Planning for business in 2021
More than 300 international brand leaders in the European hospitality industry were given valuable insights on how to proactively prepare for and roll-out their business recovery in 2021 and beyond when they attended the HSMAI Europe Day 2021. This included the HSMAI Revenue Optimisation Conference (ROC) Europe and Chief Officers Roundtable (COR) Day 2021 last week.
Speakers and facilitators at the virtual event included industry chief officers, senior management, academics and economists, research and brand strategists. They focused on a range of critical next steps for revenue optimisation, marketing, sales and distribution.
Top insights and next steps for the industry
1. Planning for business – start now and focus on the domestic market recovery in Quarter 2 in 2021
Do plan now: It is vital that hotels do not get left behind in the marketplace. Whilst the first quarter of 2021 may be slow for business, the industry needs to be patient and resilient – so now is a critical time to market for business. Whilst timing of international travel is still uncertain, vaccination roll-outs mean that domestic bookings are set to increase in the second and third quarter of 2021. If possible, hotels should look to stay open so they are up and ready for the first spike of the recovery. This is also the chance to market to the more eco-conscious/green travellers where domestic travel is a priority.
2. Get ready for the pent-up demand of leisure bookings starting Quarter 3 of 2021
Research and predictions presented by STR at the conference revealed that, by this summer, the industry is set to see a hike in bookings. Hotels located in high-end leisure destinations are expected to do very well, so it is important they get ahead of the marketing curve to capitalise on the likely opportunities.
3. Changing work practices mean new opportunities for hotel business
Increasingly more businesses, of all sizes, are expected to work from home even after the pandemic, but on a regular basis will have the need to meet face to face for staff and client meetings as well as social gatherings – hotels should look at new ways to market and capitalise given the changing work practices.
4. Focus on anticipated demand of SME business in the Group/MICE bookings arena
Corporate bookings are set to return from Quarter 4 in 2021/the beginning of 2022. Discussions at the HSMAI Europe Day focused on how SME business will probably be the market that will recover first. This demand could be stimulated by applying dynamic, rather than fixed rates.
5. Focus on flexible rates given the climate, combined with a valid distribution strategy
Given uncertainties in the current climate, hotels need to recognise that customers need the reassurance of flexible rates and this trend is likely to pan out well into 2022. Whilst guests are still price-driven, flexibility is the core issue. Applying a distribution strategy that optimises the use of your brand website, OTAs, and other distribution channels will be key to rapid recovery.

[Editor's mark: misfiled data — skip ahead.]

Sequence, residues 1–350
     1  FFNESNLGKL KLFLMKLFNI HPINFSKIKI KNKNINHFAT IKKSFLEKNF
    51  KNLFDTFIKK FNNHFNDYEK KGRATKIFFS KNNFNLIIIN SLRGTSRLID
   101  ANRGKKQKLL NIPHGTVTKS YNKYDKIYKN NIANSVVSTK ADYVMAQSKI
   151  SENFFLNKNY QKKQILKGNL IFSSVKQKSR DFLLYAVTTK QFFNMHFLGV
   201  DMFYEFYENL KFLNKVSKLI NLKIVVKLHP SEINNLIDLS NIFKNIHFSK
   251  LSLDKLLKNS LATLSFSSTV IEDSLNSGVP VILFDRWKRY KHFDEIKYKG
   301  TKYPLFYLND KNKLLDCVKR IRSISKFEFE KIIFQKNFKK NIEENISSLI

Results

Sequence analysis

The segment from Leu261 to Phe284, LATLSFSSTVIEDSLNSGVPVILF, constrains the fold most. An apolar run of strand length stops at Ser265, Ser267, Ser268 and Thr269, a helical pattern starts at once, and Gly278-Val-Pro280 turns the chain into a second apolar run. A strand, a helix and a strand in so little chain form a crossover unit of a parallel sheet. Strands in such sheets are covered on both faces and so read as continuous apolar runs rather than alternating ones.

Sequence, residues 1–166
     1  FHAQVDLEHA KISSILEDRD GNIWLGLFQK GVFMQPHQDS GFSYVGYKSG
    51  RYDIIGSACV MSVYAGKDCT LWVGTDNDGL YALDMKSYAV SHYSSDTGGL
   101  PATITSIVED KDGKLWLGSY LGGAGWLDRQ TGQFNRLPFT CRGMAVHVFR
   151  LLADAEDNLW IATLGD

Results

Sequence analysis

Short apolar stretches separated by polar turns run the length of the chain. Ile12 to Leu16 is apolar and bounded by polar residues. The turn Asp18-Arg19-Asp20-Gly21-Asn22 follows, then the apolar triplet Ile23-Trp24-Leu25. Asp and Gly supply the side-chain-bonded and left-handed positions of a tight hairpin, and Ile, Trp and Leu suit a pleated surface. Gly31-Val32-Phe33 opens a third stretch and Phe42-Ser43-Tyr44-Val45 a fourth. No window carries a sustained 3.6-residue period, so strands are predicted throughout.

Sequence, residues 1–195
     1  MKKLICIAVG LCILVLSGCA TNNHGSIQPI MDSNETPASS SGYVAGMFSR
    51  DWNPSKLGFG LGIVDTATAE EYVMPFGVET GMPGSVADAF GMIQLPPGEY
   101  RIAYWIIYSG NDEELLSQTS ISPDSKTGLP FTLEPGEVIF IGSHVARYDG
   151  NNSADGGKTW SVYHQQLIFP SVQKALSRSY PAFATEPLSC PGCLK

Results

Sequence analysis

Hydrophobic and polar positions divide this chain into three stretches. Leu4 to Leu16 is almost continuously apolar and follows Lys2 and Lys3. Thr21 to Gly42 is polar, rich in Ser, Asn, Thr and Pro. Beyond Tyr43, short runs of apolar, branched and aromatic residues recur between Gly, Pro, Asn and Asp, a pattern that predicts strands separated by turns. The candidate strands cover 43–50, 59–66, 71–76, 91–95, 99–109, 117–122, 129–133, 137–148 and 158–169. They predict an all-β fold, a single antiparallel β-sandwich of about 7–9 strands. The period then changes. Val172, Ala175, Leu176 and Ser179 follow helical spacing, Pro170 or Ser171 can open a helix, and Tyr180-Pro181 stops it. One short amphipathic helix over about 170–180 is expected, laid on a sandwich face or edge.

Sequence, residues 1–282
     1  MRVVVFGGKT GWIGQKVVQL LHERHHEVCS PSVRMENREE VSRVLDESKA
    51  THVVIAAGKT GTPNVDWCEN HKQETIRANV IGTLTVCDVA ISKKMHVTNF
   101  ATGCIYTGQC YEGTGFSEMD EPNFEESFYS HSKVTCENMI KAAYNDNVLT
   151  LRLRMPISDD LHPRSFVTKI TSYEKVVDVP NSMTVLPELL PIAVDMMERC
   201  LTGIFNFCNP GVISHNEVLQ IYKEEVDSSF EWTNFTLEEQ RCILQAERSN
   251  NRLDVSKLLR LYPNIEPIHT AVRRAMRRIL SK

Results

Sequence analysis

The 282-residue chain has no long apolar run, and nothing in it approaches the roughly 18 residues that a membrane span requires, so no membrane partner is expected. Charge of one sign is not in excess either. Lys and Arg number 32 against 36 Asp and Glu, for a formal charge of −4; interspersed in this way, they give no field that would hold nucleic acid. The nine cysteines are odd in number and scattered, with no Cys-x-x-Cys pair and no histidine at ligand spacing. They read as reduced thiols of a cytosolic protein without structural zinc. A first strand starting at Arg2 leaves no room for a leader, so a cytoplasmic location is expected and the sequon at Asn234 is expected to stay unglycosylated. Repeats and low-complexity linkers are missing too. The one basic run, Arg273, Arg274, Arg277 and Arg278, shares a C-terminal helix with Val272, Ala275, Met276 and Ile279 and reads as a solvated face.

6. Stay on top of the digital transformation and data insights to maximise bookings and enhance the customer experience
Increasingly hotels’ customers are more engaged online and expect simplicity and ease of use when they are searching and making a booking. Hotels need to ensure their user experience design meets the requirements – not just for customers but for their own hotel teams. It is important for hotels’ sales and marketing teams to recognise the importance of gathering data insights at different points of the customer’s journey to be able to offer the right personalised customer experience.
7. Be prepared to adapt and innovate loyalty programmes
The industry needs to consider how they can innovate and evolve loyalty to existing programmes. Hotels may want to consider moving from global and regional marketing to local initiatives and providing relevant propositions and experience initiatives to a focus on local. Whilst many customers can’t travel as far in the current climate, they still would like the same experiences they travel for in the first place. Be aware that the loyalty members are loyal to several programmes and platforms. Personalising a guest’s stay is critical to make the difference and to build loyalty and a relationship between the member and the hotel.
8. Consider new KPIs to benchmark your multiple compsets
The concept of a singular KPI concept is obsolete and hotels should look at multiple KPIs including hotels, alternative accommodation, and software platforms. Hotels should consider benchmarking its property/properties with competitors, using metrics such as GOPAR, and segmentation. Sustainability metrics will be increasingly important for hotels given the rise of the eco-conscious traveller.
9. Take care of your (former) colleagues and the junior professionals in our industry
Protecting a hotel’s company’s culture and associates’ mental health has never been more important. In a few years, people will refer back to the pandemic and remember how a hotel brand dealt with the challenges. For example, guests may ask “Are you still in touch with those you had to lay off?” “Do you provide time for your colleagues to deal with any possible stress?” “Are you supportive to young graduates looking to enter the industry, even when you cannot provide them with current job opportunities?” The answers to these questions will prove to be crucial.
10. The sales round table confirmed that B2B customers have great need, will and money to both travel and meet again
Vaccine and relief of restrictions will motivate business recovery. The pandemic has resulted in accelerated progress of digital meetings that certainly will affect corporate travel, but also open up different business opportunities such as companies that will only use home offices and utilise hotels as their base for employee interaction and culture-building meetings.